Here in Houston, our front yard has a huge oak tree that prevents grass from growing. We decided to brick border the area and pour in rust colored lava rocks. Added some flagstone pavers, and put plants in clay pots on the flagstone. Looks 200% better than before.
We talk about changing our yard from grass to rock, we do have some rock. The only thing that stops us is cost. To do the yard in rock is so expensive since we have a large grass lot. We are actually taking some of our rock in our back yard out. There used to be a covered area for a boat in our back yard with a drive way that went from our front street to the street behind us. Now that we got rid of the covered area and the weeds think that area is their's plus the wood border is routing we have our landscape guy coming out tomorrow to give us an estimate on taking that rock out and replacing it with grass. I hate to do it, but it is something that has to be done.
Reply With Quote Quick reply to this message
 
Old 03-06-2017, 09:27 AM
 
Location: Houston, Texas
171 posts, read 65,790 times
Reputation: 146
We had to bring about 15 bags of lava - at 5lb/bag in a Honda CRV. Di wonders for that car, but it looks much better than dirt, tree roots, and dead grass.
Reply With Quote Quick reply to this message
 
Old 03-06-2017, 03:06 PM
 
Location: East Texas
316 posts, read 242,659 times
Reputation: 418
Quote:
Originally Posted by biscuitmom View Post
At our TX home, just east of Dallas, our yard is primarily crushed/decomposed granite, with flagstone, brick pavers, boulders for accents and borders, and mulch in the shrubbery areas. We haven't owned a lawnmower in years. All our neighbors have grass lawns but they love ours, we've won the community "yard of the month" award more times than I can count.
We have many area of hardy indigenous plants - many chosen to attract butterflies, birds and bees but others chosen just because we like them.

We now have a 2nd home in NW AR and are in the process of getting rid of all or most of the grass. It'll be a work in progress; took about 6-7 years to complete our landscaping plan back in TX. This yard is smaller so hopefully won't take that long. For sure we won't buy a lawnmower in the interim so we'll have to hire that out until the grass is gone.
Eureka Springs? Gorgeous town. Yard sounds great.
Reply With Quote Quick reply to this message
 
Old 03-07-2017, 03:37 PM
 
Location: Houston, Texas
171 posts, read 65,790 times
Reputation: 146
Susan: What part of east Texas are you in?
Reply With Quote Quick reply to this message
 
Old 03-08-2017, 07:09 AM
 
8,961 posts, read 5,537,606 times
Reputation: 13041
Quote:
Originally Posted by SusanG_O View Post
Eureka Springs? Gorgeous town. Yard sounds great.
Yes, ES is gorgeous and so is Fayetteville, where our new home is.
Our prior home - with the rock yard - is in N/E Tx.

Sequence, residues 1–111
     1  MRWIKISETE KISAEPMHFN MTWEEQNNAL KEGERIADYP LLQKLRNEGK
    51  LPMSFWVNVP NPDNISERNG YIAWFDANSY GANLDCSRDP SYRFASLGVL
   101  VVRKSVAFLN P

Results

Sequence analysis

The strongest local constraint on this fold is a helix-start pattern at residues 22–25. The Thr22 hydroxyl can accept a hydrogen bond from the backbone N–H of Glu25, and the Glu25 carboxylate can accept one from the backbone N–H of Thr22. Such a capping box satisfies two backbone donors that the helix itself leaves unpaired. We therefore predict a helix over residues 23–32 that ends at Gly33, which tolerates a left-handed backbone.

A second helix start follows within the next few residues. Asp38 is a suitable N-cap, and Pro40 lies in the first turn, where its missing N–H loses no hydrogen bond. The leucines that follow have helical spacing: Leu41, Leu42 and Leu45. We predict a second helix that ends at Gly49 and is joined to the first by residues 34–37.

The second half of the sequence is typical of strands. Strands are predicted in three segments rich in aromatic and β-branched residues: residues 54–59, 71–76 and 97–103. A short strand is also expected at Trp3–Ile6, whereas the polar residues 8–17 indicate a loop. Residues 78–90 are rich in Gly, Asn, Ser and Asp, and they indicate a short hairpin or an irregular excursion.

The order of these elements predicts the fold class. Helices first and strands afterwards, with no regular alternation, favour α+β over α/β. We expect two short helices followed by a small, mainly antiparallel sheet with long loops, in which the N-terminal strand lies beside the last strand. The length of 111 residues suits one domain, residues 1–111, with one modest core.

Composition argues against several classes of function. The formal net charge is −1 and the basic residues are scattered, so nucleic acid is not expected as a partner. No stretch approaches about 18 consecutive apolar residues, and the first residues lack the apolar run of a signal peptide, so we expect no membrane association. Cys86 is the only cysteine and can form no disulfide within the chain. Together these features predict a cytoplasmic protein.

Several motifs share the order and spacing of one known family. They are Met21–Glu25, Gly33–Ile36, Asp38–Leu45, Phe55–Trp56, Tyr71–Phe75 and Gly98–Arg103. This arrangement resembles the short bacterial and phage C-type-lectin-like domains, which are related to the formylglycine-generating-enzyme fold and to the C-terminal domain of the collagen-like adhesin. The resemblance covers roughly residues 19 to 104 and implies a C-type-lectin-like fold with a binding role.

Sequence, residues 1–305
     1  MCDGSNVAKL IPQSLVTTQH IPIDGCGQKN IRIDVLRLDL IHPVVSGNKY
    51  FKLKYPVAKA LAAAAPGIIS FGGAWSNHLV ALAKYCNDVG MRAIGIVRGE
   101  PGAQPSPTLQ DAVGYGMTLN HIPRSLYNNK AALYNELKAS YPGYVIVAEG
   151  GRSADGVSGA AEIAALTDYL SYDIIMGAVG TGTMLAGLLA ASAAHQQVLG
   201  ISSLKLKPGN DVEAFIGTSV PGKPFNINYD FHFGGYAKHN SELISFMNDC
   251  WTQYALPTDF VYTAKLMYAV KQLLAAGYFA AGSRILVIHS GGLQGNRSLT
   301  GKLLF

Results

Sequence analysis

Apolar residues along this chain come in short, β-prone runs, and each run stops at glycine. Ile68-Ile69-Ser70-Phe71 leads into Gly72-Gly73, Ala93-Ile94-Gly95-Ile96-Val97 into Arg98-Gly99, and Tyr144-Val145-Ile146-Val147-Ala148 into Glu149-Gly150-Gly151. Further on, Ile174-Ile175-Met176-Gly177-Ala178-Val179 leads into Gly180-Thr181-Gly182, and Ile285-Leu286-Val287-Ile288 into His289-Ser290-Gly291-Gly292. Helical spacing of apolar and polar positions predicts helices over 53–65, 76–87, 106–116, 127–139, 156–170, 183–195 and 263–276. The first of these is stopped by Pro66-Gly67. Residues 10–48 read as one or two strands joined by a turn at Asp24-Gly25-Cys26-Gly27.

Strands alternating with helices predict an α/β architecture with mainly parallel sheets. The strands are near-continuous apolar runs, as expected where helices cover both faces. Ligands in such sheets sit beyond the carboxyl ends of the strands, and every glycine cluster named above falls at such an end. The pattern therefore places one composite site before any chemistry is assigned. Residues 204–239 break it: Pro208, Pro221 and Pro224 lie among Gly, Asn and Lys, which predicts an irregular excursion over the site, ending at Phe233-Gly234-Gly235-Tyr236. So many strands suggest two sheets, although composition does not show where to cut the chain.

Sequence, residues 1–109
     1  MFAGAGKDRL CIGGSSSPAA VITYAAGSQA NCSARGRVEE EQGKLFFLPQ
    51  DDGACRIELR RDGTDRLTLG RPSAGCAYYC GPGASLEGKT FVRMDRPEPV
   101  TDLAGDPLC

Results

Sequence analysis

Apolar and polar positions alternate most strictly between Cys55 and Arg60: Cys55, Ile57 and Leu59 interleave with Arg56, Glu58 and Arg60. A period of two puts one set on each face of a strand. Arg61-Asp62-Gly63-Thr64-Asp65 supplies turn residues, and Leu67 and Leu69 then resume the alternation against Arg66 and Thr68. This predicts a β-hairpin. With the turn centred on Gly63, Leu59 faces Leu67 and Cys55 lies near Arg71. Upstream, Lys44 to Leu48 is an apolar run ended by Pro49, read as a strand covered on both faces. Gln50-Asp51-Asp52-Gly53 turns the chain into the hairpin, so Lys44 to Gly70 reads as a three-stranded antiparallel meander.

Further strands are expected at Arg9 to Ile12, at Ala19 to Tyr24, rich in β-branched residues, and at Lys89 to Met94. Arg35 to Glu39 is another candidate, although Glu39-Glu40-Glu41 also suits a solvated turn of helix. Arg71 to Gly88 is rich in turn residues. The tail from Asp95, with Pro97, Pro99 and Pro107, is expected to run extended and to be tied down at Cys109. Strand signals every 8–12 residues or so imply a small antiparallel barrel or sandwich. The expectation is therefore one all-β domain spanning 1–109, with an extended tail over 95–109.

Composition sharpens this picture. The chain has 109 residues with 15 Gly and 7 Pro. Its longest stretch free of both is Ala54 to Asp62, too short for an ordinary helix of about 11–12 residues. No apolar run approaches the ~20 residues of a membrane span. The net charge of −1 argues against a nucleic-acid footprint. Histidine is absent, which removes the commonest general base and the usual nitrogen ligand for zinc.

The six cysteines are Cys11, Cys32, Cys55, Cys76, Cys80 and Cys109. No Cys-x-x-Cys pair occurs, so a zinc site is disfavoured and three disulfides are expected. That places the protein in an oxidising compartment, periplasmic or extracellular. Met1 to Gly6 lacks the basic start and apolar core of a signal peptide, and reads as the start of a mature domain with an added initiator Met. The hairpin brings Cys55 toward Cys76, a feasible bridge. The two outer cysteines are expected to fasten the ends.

Reply With Quote Quick reply to this message
 
Old 03-10-2017, 08:14 AM
 
3,061 posts, read 906,847 times
Reputation: 5589
Quote:
Originally Posted by nmnita View Post
In NM, we had rock with the cirlcels like you are talking about in our front yard and grass in our back yard. We too had the grass taken out in the back yard, had 3 circles which we used for growing some of our produce and had rock added. I would do it here as well, except the cost. I have to pretty much live with what we have. Rock is easy to care for and saves a lot on water. I do like some greenery and flowers
One of the reasons I moved to the Ozarks of Arkansas rather than the deserts of New Mexico or Arizona was to see ....green....
Everyone is different, but the last thing I would want is to turn my lawn into one resembling a desert climate and spend extra $$$$$$$$$$ to make it look like a desert.
Reply With Quote Quick reply to this message
Please register to post and access all features of our very popular forum. It is free and quick. Over $68,000 in prizes has already been given out to active posters on our forum. Additional giveaways are planned.

Detailed information about all U.S. cities, counties, and zip codes on our site: City-data.com.


Reply
Please update this thread with any new information or opinions. This open thread is still read by thousands of people, so we encourage all additional points of view.

Quick Reply
Message:


Options
X
Data:
Loading data...
Based on 2000-2013 data
Loading data...

123
Hide US histogram

Over $99,000 in prizes was already given out to active posters on our forum and additional giveaways are planned!

Go Back   City-Data Forum > U.S. Forums > Arkansas

All times are GMT -6.

2005-2017, Advameg, Inc.

City-Data.com - Archive 1, 2, 3, 4, 5, 6, 7, 8, 9, 10, 11, 12, 13, 14, 15, 16, 17, 18, 19, 20, 21, 22, 23, 24, 25, 26, 27, 28, 29, 30, 31, 32 - Top